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Scholarships to Give Your Medical Education a Shot in the Arm

 Sometimes earning an undergraduate degree is only the beginning of a student's educational goal. Thousands of new college students start school every year with the ultimate hope of an advanced degree—and few of those degrees have the mystique of an M.D.

Unfortunately, there are also few educational paths that have a price tag and time commitment quite as large as medical school. While new doctors will graduate into a profession with plenty of earning potential, they also tend to leave their seven to eight years of school with far higher debt than most graduates. Seventy-nine percent of med students graduated in 2012 with education debt of $100,000 or more, according to the Association of American Medical Colleges.

To help offset some of your potential debt, you can turn to scholarships every step of the way, from undergrad to resident. It will come as no surprise that since medical schools themselves are highly competitive, so are their scholarship competitions. Learn the criteria and start your applications early so that when you can finally call yourself "doc," you can enjoy the fruits of your labor instead of shelling out money to loan companies.
If you're heading into your junior or senior year of college next year and you're planning on a career in health or medicine, you can apply for the Gallagher Koster Health Careers Scholarship, which will award five $5,000 scholarships to students who apply by May 3. Students in a wide variety of healthcare-related majors—from biology to nursing to child development, and more—are invited to apply, as long as they anticipate graduating between spring of 2014 and spring of 2015.
The Palo Alto Foundation Medical Group is one of a number of more locally focused organizations that give out pre-med scholarships, and its awards are among the largest. The scholarship pays out $20,000 over five years to its recipients, who must be high school seniors from one of the four California counties served by the foundation. It's an amazing opportunity if you live in the area; if not, you should spend a day or two talking to your own local and regional clinics and health foundations to find out about similar programs.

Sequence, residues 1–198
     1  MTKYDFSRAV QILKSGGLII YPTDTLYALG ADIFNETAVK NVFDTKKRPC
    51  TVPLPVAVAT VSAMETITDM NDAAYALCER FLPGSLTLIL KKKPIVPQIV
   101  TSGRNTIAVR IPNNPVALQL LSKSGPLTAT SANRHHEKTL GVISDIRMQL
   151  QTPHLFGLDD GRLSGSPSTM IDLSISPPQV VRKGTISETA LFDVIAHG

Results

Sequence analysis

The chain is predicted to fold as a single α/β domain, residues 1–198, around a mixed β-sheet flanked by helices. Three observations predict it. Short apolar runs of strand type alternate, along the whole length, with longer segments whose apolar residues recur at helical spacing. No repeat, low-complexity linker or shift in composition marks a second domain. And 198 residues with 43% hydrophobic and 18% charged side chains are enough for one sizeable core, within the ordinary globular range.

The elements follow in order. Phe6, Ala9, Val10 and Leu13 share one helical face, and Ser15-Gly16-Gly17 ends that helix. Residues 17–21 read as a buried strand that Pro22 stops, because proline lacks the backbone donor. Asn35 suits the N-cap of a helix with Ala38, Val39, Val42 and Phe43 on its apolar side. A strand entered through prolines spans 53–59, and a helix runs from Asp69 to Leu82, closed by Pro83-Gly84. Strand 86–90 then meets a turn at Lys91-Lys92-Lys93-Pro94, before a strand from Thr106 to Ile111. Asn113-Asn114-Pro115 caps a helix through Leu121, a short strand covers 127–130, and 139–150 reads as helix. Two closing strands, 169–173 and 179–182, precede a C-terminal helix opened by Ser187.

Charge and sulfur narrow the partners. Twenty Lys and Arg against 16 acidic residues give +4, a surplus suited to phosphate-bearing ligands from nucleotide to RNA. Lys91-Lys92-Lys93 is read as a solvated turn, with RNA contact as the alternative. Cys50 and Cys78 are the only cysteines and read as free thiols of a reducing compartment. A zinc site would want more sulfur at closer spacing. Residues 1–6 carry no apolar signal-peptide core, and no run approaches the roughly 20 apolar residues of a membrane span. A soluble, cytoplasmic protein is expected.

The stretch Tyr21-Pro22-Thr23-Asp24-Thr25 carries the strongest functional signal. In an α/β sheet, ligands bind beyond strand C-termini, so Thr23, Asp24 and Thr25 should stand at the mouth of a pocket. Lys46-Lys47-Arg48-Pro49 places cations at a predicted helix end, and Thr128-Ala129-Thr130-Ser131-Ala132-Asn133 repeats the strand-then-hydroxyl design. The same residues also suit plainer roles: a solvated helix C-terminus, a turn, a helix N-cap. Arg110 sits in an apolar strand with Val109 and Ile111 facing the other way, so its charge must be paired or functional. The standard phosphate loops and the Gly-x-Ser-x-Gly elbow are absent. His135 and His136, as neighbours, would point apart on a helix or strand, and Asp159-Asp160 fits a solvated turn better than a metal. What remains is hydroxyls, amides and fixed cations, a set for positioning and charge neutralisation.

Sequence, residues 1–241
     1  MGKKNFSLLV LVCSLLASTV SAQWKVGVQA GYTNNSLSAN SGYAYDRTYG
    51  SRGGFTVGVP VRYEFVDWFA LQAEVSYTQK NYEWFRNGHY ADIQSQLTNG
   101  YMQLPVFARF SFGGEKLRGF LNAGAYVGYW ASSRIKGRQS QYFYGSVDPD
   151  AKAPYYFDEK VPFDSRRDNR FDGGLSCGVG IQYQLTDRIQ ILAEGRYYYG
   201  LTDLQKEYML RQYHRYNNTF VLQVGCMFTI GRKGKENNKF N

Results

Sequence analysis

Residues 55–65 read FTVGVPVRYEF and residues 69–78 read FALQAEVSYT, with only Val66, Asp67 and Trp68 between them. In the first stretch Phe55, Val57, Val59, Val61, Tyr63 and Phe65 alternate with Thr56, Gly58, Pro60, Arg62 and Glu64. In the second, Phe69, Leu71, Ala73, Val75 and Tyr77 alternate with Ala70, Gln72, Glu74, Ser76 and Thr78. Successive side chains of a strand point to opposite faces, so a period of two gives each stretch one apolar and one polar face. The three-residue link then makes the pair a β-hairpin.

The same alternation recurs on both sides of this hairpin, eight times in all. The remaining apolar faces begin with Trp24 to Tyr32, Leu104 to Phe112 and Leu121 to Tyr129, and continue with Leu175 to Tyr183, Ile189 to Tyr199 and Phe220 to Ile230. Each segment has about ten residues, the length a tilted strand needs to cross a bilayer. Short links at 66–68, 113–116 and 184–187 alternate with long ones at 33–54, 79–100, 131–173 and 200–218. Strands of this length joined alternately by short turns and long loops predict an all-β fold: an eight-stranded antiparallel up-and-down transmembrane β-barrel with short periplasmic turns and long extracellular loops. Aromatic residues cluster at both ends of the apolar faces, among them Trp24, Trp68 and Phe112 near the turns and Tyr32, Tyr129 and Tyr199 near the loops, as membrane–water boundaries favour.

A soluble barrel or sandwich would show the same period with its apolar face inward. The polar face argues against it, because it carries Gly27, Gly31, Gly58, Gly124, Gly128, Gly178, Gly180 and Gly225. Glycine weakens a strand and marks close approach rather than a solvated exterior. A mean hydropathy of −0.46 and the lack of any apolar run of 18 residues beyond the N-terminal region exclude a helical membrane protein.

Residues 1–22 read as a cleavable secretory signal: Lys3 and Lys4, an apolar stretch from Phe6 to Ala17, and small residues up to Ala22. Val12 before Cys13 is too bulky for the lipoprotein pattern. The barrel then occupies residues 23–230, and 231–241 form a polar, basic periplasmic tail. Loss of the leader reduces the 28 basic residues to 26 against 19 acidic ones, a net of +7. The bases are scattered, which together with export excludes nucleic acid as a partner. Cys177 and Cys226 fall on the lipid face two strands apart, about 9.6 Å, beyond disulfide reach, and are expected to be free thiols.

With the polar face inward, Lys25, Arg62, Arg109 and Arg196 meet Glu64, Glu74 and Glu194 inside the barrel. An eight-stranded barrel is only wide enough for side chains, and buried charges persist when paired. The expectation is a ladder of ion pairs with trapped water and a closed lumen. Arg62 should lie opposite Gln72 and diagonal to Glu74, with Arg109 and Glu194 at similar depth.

For students who have completed their undergrad education and are entering medical school, the National Health Service Corps Scholarship is a potentially attractive option. Much like teachers, future doctors can have their tuition, fees, and a living stipend paid by the federal government.
In return, students pledge to practice after graduation in a "high-need," often low-income community. If you participate in the program, you promise to work for one year in a "Health Professional Shortage Area" for each year of assistance you receive. If you're concerned about graduating with debt, it's an excellent option; the 2013 application cycle will open later this month.
If you don't go the federal route when you enroll in medical school, you should check out the scholarships provided by the American Medical Association, which include the $10,000 Minority Scholars and Physicians of Tomorrow awards. Note that you'll need to be nominated by your school for these programs; make sure and consult your adviser so you don't miss out!
While you're there, find out about your school's need-based awards (which most med schools offer), and see if yours is one of the smaller number of institutions (like Washington University in St. Louis and Vanderbilt University) that offer merit aid to med students.
Finally, there are a couple of programs that can help you out as you get closer to residency and practice. The Association of American Medical Colleges' Nickens Student Scholarship provides $5,000 to outstanding third-year students who have shown leadership in addressing healthcare inequities. And, if you're looking to get your foot in the door at America's most famous health-care provider, the Mayo School of Graduate Education offers $2,500 diversity scholarships and $1,000 departmental scholarships for clerkships at Mayo Clinic hospitals.

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